12 obese patients, pair-matched with 12 normal subjects, received a single 1mg oral dose of alprazolam. Nine similar subject pairs received a single 0.5mg oral dose of triazolam. Oral volume of distribution (Vd) was much greater in obese than control subjects for alprazolam (mean 114 vs 73L, p < 0.001), but there was no difference between the 2 groups for triazolam (117 vs 116L). Apparent oral clearance (not corrected for body weight) of alprazolam was lower, although not significantly so, in obesity (66 vs 88 ml/min), but for triazolam it was much lower in the obese (340 vs 531 ml/min, p < 0.005). Elimination half-life, which is dependent on both Vd and clearance, was prolonged in obesity for alprazolam (22 vs 11h, p < 0.001) due to the increase in Vd, and also for triazolam (4.1 vs 2.6h, p < 0.025) because of the decreased clearance. Plasma protein binding was unchanged in obese compared with control subjects for both alprazolam and triazolam. During long term administration alprazolam should therefore take longer to reach steady-state concentrations in obese patients but the final levels achieved should be no different than for patients of normal bodyweight, provided dosage is adjusted for ideal rather than total bodyweight. In contrast, triazolam has impaired clearance in obesity. However, if given once-daily it still would not accumulate with long term dosing due to its short half-life relative to the interval between doses.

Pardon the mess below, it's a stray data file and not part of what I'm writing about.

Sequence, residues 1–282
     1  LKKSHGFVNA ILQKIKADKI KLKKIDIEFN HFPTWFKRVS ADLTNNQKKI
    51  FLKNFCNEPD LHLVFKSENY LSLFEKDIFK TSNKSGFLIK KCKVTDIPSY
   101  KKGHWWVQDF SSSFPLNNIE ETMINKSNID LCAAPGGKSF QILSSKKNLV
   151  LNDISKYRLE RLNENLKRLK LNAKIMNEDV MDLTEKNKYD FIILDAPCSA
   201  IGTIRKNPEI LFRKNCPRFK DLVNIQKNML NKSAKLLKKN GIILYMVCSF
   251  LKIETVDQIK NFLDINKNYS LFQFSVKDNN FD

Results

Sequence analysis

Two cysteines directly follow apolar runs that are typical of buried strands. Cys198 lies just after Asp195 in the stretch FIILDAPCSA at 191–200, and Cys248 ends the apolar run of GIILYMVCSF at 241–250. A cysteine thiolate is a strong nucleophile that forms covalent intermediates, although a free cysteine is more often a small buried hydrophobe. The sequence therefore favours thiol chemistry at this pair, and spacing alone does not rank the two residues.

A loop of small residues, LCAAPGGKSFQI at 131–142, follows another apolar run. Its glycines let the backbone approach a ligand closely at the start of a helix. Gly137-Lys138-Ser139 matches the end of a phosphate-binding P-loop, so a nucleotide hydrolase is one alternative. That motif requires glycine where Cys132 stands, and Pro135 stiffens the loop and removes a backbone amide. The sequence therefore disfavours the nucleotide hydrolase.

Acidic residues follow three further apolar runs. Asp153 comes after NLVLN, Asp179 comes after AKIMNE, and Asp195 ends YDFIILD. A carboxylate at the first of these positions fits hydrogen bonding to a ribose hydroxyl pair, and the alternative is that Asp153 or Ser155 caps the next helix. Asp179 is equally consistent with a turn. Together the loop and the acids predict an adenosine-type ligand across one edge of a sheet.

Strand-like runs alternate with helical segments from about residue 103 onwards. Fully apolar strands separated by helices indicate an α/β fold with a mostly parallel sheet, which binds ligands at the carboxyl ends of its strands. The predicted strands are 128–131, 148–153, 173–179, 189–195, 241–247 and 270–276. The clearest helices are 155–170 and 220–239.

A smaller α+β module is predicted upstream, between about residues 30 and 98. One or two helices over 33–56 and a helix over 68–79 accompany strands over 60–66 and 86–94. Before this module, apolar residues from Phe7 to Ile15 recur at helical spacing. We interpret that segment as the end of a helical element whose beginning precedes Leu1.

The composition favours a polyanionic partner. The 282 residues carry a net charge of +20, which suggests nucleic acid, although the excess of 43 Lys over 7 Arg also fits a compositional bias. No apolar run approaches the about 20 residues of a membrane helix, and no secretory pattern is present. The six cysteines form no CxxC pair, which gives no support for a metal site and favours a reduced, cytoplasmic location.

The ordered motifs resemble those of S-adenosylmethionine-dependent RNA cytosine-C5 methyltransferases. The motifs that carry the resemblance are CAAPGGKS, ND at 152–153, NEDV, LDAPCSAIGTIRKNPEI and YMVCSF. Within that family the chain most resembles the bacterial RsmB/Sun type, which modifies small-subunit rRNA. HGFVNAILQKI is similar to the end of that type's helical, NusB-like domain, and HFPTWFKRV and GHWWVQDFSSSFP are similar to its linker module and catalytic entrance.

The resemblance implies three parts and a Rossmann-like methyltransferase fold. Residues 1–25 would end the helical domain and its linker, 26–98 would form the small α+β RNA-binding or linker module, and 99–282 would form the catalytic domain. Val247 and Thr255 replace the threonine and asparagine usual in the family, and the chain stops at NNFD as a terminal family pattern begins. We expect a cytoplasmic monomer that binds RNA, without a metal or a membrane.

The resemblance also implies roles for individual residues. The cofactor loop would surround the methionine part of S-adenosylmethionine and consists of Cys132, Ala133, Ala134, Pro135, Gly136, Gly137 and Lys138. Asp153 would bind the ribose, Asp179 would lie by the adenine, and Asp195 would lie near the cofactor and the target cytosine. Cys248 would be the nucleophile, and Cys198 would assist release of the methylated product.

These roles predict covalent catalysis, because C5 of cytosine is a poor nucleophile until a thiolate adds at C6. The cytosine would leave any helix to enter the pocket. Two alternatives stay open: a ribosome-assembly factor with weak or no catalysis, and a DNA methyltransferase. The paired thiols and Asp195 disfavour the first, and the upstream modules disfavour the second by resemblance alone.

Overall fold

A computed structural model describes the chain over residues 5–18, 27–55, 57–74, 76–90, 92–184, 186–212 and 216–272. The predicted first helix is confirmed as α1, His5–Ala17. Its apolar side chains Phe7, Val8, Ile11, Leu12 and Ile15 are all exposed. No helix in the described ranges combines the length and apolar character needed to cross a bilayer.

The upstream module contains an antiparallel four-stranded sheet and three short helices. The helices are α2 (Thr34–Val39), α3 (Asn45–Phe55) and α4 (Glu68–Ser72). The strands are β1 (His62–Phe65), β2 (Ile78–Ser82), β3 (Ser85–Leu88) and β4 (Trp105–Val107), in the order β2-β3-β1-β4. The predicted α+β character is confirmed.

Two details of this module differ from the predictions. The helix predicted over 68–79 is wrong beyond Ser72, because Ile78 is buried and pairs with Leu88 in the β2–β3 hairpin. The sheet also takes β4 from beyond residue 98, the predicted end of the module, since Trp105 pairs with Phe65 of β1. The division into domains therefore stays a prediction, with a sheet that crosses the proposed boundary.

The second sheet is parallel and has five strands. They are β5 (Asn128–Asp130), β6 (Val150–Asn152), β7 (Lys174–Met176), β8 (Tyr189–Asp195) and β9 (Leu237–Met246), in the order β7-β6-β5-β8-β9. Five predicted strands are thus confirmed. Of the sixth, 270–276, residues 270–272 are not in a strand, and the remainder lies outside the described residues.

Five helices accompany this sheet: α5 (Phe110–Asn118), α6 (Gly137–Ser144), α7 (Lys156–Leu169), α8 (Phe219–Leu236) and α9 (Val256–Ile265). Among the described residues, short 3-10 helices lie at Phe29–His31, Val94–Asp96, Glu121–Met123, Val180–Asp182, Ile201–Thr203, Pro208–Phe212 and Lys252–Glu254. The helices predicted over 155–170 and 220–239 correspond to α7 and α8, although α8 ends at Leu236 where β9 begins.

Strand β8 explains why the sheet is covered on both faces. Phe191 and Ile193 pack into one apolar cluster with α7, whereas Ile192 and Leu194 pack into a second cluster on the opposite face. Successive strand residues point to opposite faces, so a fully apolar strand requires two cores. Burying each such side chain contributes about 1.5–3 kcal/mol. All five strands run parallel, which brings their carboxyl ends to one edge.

ASJC Scopus subject areas
- Pharmacology (medical)